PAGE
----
The 53-year-old security officer said: "I was so sad to see him in that state and my heart ached because Reza's so young.

"But I had to tell him not to worry and that the doctors will do their best to help him."

Mr Alwee recalled having to shuttle between NUH and his workplace in Hill Street then and being on alternate shifts with his wife to care for Reza in the hospital.

"The hospital was my second home," Mr Alwee said with a laugh.

Reza's survival depended on a bone marrow transplant. The best chance of a match is your sibling. Unfortunately, neither of Reza's brothers, aged 10 and 19, nor any of his other family members was a match.


Just as Reza was on the brink of giving up, the Bone Marrow Donor Programme (BMDP) managed to find a match in July 2009.

The donor, Ms Grace Tong, 31, a manager at a financial service company, did not know Reza.

Finding a suitable match is a one in 20,000 chance and it is even more rare for there to be a match between people of different ethnicities.

Ms Tong was a first-year student in Singapore Management University when she joined the bone marrow donor register.

She said: "I went to support a friend's leadership and team building project and they were doing a road show for BMDP.

"I thought it was some preparation for blood donation then.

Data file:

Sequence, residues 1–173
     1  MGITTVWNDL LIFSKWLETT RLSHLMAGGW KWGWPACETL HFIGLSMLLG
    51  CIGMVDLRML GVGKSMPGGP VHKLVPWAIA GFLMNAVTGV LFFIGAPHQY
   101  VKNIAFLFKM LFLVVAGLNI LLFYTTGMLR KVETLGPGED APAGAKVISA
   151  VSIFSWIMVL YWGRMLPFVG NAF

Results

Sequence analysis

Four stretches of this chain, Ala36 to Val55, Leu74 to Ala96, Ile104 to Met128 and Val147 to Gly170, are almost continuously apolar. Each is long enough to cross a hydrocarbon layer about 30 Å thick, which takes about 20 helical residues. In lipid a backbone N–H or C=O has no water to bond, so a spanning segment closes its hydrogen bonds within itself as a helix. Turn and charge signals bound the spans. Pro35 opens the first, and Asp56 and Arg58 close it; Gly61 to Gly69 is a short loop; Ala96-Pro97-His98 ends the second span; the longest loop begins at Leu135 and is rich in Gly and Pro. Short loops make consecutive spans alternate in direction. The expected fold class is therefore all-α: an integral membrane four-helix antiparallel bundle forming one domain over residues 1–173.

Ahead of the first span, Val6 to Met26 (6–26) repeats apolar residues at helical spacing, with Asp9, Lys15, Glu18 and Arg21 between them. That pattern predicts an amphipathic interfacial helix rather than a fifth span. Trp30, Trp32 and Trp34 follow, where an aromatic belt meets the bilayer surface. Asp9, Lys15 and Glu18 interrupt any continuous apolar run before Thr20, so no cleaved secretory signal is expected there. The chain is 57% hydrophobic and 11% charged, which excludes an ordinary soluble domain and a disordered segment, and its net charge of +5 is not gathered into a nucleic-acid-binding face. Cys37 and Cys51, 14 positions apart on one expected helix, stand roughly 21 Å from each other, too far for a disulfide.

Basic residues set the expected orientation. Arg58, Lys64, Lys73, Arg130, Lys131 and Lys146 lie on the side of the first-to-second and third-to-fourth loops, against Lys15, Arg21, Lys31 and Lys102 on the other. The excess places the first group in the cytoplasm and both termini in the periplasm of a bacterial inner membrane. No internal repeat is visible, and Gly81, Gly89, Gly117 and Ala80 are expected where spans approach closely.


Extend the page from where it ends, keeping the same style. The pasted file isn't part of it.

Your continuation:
"When I got the call from BMDP, I was surprised that I was a match for a recipient. I decided to donate as I knew I would be saving a life."

Ms Tong's parents were initially concerned, but because she was already an adult, they let her make her own decision.

The transplant took place in September 2009 and she was hospitalised overnight.

"My bone marrow was obtained through the back of my pelvic bone, using a special needle," said Ms Tong.

"I had general anaesthetic so I did not feel any pain during the whole procedure."

"I even attended the Singapore F1 Grand Prix shortly after I was discharged as I didn't feel any pain after the procedure - I only felt uncomfortable.

"I feel there is nothing better than to save a person's life if it is within our means."

That bone marrow transplant meant a second chance at life for Reza.

He spent a month in hospital and resumed his regular routine after he was discharged.